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How Doniger's now-recalled 'The Hindus' ruffled Hindutva feathers

According to a legal agreement that appeared online yesterday, Penguin India has agreed to "recall and withdraw" existing copies of American academic Wendy Doniger's book, The Hindus: An Alternative History. At present, the book is reportedly out of stock in book-selling websites.

The complaint against The Hindus was filed by Dinanath Batra, OP Gupta, Sharvan Kumar, Samley Prasad, Mahesh Chander Sharma and Satish Chand Mittal. Batra is an educationist and the convenor of Shiksha Bachao Andolan Committee. While it is not known precisely what Batra and the others have found offensive in The Hindus, conservatives and the Hindutva brigade have had a long-running feud with Doniger. It's worth noting that The Hindus has technically not been banned. The agreement, the legality of which is yet to be confirmed by Penguin India, requires the unsold copies be withdrawn and be pulped.

Cover of Wendy Doniger's The Hindus

Cover of Wendy Doniger's The Hindus

Over the years, Doniger's interpretations of ancient Hindu texts have inspired many to take a closer look at ancient Hindu texts. Her research has explored themes of sexuality and gender in Hindu mythology and her readings have delighted some and unsettled others because they unsettle the established status quo. Those in disagreement have attacked Doniger in a variety of ways, ranging from questioning her proficiency in Sanskrit (despite the fact that she is, in fact, a Sanskritist) to more physical attacks . In 2002, Rajeev Malhotra wrote a long essay accusing Doniger of Hindu bashing. In 2003, while Doniger was presenting a talk on Ramayana in London, someone threw an egg at her (they missed, in case you were wondering, leaving an eggy splatter on the wall behind her).

Doniger has usually reacted to her detractors' claims with a sense of humour, which has resulted in more enraged responses. Some of these have been problematic but articulate while others, like this one, can't seem to decide whether Doniger as an all-consuming force of Western culture that is out to destroy Indian culture or an academic with a shrinking audience. Incidentally, neither is accurate. Doniger's attachment to India and its traditions is deep and respectful. She is also one of the most widely-respected and widely-read scholars on Hinduism.

The campaign against The Hindus has been in motion since 2010, when the Hindu Janajagruti Samiti led a protest against the book. A number of other Hindu organisations based in America supported this move. According to Narain Kataria, President of the Indian American Intellectuals Forum (IAIF), "By giving a pornographic twist to Hindu objects of veneration and worship, Doniger is trying to create the illusion that Hinduism is nothing but a crude immoral religion. This has the potential to create disaffection, disillusionment and depression in the minds of Hindu children about Hindu Dharma."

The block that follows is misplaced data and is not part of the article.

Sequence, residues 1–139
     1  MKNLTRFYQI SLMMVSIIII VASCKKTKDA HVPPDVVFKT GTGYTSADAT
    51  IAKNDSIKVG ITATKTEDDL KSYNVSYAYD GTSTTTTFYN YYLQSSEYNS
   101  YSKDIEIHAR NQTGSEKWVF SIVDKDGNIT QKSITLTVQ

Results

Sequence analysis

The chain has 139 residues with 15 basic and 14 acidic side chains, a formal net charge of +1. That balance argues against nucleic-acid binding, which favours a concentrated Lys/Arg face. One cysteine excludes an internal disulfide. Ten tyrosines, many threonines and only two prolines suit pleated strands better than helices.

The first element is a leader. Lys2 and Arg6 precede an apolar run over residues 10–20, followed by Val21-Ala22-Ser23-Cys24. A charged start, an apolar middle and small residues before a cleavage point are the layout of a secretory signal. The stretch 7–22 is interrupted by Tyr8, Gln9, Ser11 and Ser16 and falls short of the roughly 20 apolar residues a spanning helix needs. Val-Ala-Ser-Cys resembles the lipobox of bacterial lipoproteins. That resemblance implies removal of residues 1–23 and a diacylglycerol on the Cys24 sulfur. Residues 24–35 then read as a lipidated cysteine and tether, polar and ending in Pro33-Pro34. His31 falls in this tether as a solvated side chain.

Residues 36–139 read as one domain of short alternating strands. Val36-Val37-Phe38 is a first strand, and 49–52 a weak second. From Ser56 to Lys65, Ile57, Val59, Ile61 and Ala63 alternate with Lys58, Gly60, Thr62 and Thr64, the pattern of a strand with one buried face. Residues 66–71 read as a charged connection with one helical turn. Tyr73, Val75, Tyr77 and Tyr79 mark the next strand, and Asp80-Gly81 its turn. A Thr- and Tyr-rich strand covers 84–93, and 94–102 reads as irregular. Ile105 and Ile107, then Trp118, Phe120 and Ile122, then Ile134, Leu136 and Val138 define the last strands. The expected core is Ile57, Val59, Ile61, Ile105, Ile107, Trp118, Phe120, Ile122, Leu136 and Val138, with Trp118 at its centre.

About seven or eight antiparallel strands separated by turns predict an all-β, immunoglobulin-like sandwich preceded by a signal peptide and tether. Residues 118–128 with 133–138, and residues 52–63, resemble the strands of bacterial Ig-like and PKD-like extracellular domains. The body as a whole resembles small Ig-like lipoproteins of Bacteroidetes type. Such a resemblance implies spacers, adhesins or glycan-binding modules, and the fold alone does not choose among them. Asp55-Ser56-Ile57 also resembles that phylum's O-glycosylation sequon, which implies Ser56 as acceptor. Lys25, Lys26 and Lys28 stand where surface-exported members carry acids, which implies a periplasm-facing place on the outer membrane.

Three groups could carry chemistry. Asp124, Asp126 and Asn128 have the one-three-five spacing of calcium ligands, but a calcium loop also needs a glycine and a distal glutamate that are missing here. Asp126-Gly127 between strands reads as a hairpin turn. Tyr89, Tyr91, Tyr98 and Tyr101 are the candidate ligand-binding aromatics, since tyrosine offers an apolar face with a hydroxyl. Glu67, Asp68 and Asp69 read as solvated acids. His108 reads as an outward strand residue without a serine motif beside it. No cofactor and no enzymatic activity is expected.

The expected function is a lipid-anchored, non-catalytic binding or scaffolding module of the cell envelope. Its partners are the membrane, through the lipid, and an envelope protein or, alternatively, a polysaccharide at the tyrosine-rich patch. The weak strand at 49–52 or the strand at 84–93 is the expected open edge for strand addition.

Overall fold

From its very title — "An Alternative History" — The Hindus makes it clear that Doniger is not going to put forward the standardised view. The 692-paged book travels from the Indus Valley civilization to present-day India, looking at different aspects of Hindu tradition and thought, noting how it has accrued ideas and changed over generations. In the process of analysing texts, Doniger attacks some venerated ideas by pointing out how past poets and writers resisted such rigidity. For example, Doniger writes of Manu and the social system he preached:

The female saints [of the Bhakti tradition in South India] flagrantly challenge Manu's notorious statement about a woman's constant subservience to her father, husband, and son. They are not bound to a man at all, and 'It is more common for a married woman saint to get rid of her husband than to endure him.'

(The last fragment is a Ramanujan quote.)

In another section of The Hindus, Doniger shows how the story of Eklavya in Mahabharat emphasises the importance of maintaining a certain caste-based social order. At the same time, the injustice that Eklavya suffers subtly points out the unfairness that riddles this system of hierarchy. The Hindus teems with quotations from original texts (translated by Doniger) and Doniger's interpretations of various texts from the Hindu canon.

Perhaps what makes Doniger difficult for some to digest is that she writes as an academic rather than a devotee. Her perspective isn't submissive towards the mythical characters she writes about, many of whom are considered divine as per the religion. However, Doniger's love and respect for the Hindu myths is unmistakable. Stung by Doniger's commitment to unearth the fragments that point out the diversity and the subaltern nestled in the conventional and conservative tellings of Hinduism, what the hardliner haters tend to miss is Doniger's assertion that ancient Hindu texts are "a hundred times more interesting than Biblical and Homeric texts".

Penguin India is yet to release an official statement about their decision to withdraw The Hindus.